|Matthew Henry's Concise Commentary|
36:25-38 Water is an emblem of the cleansing our polluted souls from sin. But no water can do more than take away the filth of the flesh. Water seems in general the sacramental sign of the sanctifying influences of the Holy Ghost; yet this is always connected with the atoning blood of Christ. When the latter is applied by faith to the conscience, to cleanse it from evil works, the former is always applied to the powers of the soul, to purify it from the pollution of sin. All that have an interest in the new covenant, have a new heart and a new spirit, in order to their walking in newness of life. God would give a heart of flesh, a soft and tender heart, complying with his holy will. Renewing grace works as great a change in the soul, as the turning a dead stone into living flesh. God will put his Spirit within, as a Teacher, Guide, and Sanctifier. The promise of God's grace to fit us for our duty, should quicken our constant care and endeavour to do our duty. These are promises to be pleaded by, and will be fulfilled to, all true believers in every age.
Verse 35. - This land that was desolate is become like the garden of Eden. (For the reverse picture, see Joel 2:3.) The thought of the first Paradise (Genesis 2:8), in the historicity of which clearly Ezekiel believed, was one on which his mind often dwelt (Ezekiel 28:13; Ezekiel 31:9) as an ideal of earthly beauty and fertility which should recur in the closing age of the world - a hope which appears to have been shared by Isaiah (Isaiah 51:3), and taken up by John (Revelation 2:7; Revelation 22:1-3). In the day when that hope should be realized for Israel, the waste, desolate, and ruined cities, on which the passers-by who visited Palestine gazed, should be fenced and inhabited; literally, inhabited as fortresses. The three predicates, "waste," "desolate," and" ruined," have been distinguished as signifying "stripped of its inhabitants," "untilled in its lands," and "broken down in its buildings;" in contrast with which, in the golden era of the future, the towns should be inhabited, the fields tilled, and the ruined fortresses built.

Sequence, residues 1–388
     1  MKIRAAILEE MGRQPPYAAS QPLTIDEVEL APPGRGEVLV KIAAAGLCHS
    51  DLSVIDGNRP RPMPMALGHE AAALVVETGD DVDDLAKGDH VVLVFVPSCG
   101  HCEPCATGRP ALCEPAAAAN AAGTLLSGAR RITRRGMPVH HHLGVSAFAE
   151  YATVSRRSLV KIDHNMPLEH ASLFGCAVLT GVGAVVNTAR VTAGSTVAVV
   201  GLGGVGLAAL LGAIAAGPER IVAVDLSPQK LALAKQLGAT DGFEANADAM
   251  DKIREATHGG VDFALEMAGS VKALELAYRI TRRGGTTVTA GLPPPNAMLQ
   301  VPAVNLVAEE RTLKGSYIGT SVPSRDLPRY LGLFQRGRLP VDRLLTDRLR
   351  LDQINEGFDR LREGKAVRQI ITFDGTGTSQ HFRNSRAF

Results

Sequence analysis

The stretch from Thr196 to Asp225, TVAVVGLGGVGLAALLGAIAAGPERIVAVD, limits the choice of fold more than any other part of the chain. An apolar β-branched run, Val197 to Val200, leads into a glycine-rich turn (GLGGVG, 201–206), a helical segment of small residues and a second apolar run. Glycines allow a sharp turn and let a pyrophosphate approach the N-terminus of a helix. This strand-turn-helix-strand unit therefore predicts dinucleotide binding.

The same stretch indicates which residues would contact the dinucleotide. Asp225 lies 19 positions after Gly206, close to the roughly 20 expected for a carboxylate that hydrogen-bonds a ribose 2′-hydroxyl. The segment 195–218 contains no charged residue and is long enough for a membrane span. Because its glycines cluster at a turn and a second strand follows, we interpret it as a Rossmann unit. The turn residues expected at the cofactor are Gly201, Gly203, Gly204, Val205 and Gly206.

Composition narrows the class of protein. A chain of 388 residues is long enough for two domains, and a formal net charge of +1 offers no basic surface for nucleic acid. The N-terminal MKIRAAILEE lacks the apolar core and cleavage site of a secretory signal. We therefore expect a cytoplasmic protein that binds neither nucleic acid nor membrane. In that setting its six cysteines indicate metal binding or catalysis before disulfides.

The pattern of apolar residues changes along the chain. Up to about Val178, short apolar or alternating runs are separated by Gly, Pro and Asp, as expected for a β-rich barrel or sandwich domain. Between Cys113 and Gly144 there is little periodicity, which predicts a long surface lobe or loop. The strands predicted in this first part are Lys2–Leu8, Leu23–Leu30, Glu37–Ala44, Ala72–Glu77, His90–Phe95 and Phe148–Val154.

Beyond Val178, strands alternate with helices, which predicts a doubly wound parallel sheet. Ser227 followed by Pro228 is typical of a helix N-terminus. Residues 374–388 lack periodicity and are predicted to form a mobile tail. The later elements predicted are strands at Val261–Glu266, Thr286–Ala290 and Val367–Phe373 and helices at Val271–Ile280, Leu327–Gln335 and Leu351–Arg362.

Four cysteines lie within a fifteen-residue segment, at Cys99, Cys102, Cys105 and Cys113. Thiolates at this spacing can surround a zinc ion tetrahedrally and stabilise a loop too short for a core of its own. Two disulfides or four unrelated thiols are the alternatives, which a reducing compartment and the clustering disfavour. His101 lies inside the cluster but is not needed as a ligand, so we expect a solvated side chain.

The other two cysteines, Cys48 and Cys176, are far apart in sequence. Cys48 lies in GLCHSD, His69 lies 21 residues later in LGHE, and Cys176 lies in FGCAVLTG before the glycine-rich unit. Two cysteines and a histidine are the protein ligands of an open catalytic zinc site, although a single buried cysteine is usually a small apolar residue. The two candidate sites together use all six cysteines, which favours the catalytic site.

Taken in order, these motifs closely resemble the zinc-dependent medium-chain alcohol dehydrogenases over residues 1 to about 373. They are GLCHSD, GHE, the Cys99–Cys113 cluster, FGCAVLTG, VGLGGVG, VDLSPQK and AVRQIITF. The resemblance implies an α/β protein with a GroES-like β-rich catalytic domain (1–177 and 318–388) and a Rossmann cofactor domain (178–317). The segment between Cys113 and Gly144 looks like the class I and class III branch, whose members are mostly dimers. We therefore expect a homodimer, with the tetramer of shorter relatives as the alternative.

Gill's Exposition of the Entire Bible
And they shall say,.... Either the neighbouring nations that lived round about the land of Israel, Ezekiel 36:36, or rather the travellers, as before, who having as they passed by observed what it had been, and now see what it is; these shall say to one another:
this land that was desolate is become like the garden of Eden; for delight and fruitfulness: this may well be applied to the flourishing and fruitful state of the church of God, consisting of converted Jews, in the latter day:
and the waste and desolate and ruined cities are become fenced, and are inhabited; which, as it will be true of cities in a literal sense, so of the churches of Christ in Judea in a spiritual sense; which will be rebuilt by the grace of God, fenced and fortified by his almighty power, and inhabited by true believers.
Jamieson-Fausset-Brown Bible Commentary
35. they shall say—The heathen, who once made Israel's desolation a ground of reproach against the name of Jehovah Himself (Eze 36:20, 21); but now He so vindicates its sanctity (Eze 36:22, 23) that these same heathen are constrained to acknowledge Israel's more than renewed blessedness to be God's own work, and a ground for glorifying His name (Eze 36:36).
Eden—as Tyre (the type of the world powers in general: so Assyria, a cedar "in the garden of God, Eden," Eze 31:8, 9), in original advantages, had been compared to "Eden, the garden of God" (Eze 28:13), from which she had fallen irrecoverably; so Israel, once desolate, is to be as "the garden of Eden" (Isa 51:3), and is to be so unchangeably.
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